b. Coinheritance of α-thalassemia: Coinheritance of α-thalassemia ameliorates the severity of β-thalassemia disease in patients with at least one allele of mild β thalassemia genotype. Our studies revealed that Hb E β0-thalassemia patients who have coinherited α-thalassemia-2 have Hb concentrations equal to or above 7.4 g/dL.38 Coinheritance of α-thalassemia-1 with Hb E β0-thalassemia results in very mild disease severity. α-thalassemia gene interaction with β-thalassemia results in a better balanced α/β production ratio and leads to the milder thalassemic disease.

c. Association with increased hemoglobin F: Coinheritance of determinants that increase Hb F expression can ameliorate the severity of β-thalassemia. Inheritance of a β-thalassemia chromosome with the XmnI cleavage site at position -158 of the Gγ-globin gene is associated with increased Hb F and milder anemia.37 Two copies of this allele are necessary to produce a significant effect. Patients with an XmnI +/+ genotype have hemoglobin concentration above 8.5 g/dL whereas those with the XmnI -/- genotype have Hb less than 7 g/dL.

Diagnosis of Thalassemia

Provisional diagnosis of thalassemia syndromes can be made based on characteristic clinical manifestations and morphologic red cell abnormalties.39 Definite diagnosis is confirmed by hemoglobin typing based on the electrophoretic or chromatographic separation of Hb from the blood. Some thalassemia syndromes may be diagnosed with only one laboratory examination. For example, Hb H disease can be diagnosed by detection of 80-90% of intraerythrocytic inclusion bodies. By contrast, certain thalassemia heterozygotes are difficult to diagnose. Several laboratory tests may be necessary for the diagnosis of α-thalassemia 1 and β-thalassemia heterozygote.

Iron deficiency anemia should first be excluded before making the diagnosis of thalassemia because it may complicate the diagnosis. In severe iron deficiency anemia, Hb A2 and Hb E are decreased.40 In β-thalassemia heterozygotes with severe iron deficiency anemia, the Hb A2 level may be in the normal range. In patients with Hb H disease and severe iron deficiency, Hb H and the intraerythrocytic inclusion bodies may be diminished or not detectable.

Thalassemia Treatment and Control

Strategies for thalassemia control consist of offering the best treatment to patients and prevention of the birth of new cases. Treatment with hypertransfusion and iron chelation can prevent pathology and improve the quality of life in many patients and is associated with prolonged life expectancy. Given this approach, the number of thalassemia patients will be increased to a level that burdens the society's economic capability, unless new births of thalassemic patients are prevented. Ultimately, there could be fewer patients with thalassemia in the country. However, there would still be a large number of thalassemia carriers. Prenatal detection programs are ongoing to attempt to prevent new thalassemic births (see below).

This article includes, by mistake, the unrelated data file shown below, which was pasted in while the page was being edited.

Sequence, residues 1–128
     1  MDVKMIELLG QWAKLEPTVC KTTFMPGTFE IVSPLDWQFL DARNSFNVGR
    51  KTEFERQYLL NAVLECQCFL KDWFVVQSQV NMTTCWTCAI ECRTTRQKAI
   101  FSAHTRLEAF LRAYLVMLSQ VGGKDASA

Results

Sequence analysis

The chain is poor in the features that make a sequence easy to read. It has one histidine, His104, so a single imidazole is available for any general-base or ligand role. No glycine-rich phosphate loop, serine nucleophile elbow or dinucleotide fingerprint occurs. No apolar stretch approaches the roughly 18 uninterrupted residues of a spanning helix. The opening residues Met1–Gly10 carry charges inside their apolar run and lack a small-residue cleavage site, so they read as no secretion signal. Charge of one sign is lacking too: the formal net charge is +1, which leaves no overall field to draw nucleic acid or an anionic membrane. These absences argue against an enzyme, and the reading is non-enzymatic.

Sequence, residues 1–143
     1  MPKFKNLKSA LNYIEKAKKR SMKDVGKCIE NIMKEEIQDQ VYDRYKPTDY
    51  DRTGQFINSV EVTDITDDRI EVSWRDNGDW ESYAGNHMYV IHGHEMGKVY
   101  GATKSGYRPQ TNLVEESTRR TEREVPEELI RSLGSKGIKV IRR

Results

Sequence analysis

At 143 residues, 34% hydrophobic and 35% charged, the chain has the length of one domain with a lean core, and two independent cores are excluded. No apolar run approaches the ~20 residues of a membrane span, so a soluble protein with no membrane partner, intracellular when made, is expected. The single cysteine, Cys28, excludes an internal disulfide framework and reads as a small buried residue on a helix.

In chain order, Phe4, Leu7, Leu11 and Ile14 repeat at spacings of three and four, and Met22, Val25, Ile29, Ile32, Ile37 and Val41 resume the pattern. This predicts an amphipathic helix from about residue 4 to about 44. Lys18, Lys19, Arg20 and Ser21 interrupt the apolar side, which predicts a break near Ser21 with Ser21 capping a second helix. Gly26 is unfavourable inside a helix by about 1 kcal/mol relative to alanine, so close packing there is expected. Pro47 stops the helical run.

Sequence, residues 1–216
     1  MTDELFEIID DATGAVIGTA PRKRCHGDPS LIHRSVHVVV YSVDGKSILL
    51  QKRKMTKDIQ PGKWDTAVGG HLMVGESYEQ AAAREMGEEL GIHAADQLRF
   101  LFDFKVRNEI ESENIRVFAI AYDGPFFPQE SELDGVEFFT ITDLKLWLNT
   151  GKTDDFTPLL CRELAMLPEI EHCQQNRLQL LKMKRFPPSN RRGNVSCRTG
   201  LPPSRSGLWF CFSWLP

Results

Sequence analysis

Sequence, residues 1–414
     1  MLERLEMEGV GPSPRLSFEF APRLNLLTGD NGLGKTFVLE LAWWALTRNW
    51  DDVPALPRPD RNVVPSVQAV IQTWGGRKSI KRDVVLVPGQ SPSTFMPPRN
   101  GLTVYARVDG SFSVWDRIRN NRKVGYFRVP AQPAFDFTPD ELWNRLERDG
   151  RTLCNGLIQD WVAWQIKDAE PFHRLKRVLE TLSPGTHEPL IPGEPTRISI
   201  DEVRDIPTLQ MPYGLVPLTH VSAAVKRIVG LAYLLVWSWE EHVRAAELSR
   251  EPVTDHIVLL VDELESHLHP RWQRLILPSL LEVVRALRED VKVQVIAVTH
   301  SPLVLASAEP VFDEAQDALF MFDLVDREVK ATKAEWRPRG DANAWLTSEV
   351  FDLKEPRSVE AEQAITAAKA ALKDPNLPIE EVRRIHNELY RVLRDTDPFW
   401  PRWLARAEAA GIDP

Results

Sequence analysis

Blood transfusion and chelation

Hypertransfusion and iron chelation is at present the standard therapy for thalassemia major. This will provide a marked improvement in survival, growth and sexual development. However, only a minority of the patients in Thailand and other developing countries can afford this type of therapy due to the high cost of the only available iron chelator (desferrioxamine) and the difficulty of its parenteral administration.

A majority of patients with thalassemia major in Thailand receive blood transfusions when they have symptomatic anemia and only a few units of red cell transfusion are given. Routine screening of blood for transfusion transmitted viruses including hepatitis B, hepatitis C, and HIV has improved the safety of blood transfusion in thalassemia patients.

Bone marrow transplantation

Bone marrow transplantation is the only means of curing thalassemia at present and can be considered if a sibling is found to be an HLA-matched donor. The risk is low when transplant is performed at an early age. There is a higher risk as the patient becomes older. Based on the largest experience from Pesaro, Italy where over 1,000 bone marrow transplantations for thalassemia have been performed, patients may be classified into three classes according to the presence of risk factors including hepatomegaly, portal fibrosis and poor quality of iron chelation. Among patients below 16 years, survival and event-free survival, of 95% and 90%, respectively, is reported for Class 1 (without any risk factors), falling to 89% and 64% for Class 3 (with all three risk factors). Those with Class 3 also have a high rate of graft rejection or graft failure with reconstitution of the patient's own bone marrow.41 

Our experience has confirmed the finding that bone marrow transplantation performed early when the patients are young has a very high probability of cure. However, those with full blown manifestations and who received inadequate blood transfusion treatment have a higher risk of graft rejection.42 Only a small number of thalassemia patients in Thailand are able to undergo bone marrow transplantation because the procedure is still expensive and there are only 3 or 4 transplant centers in the country.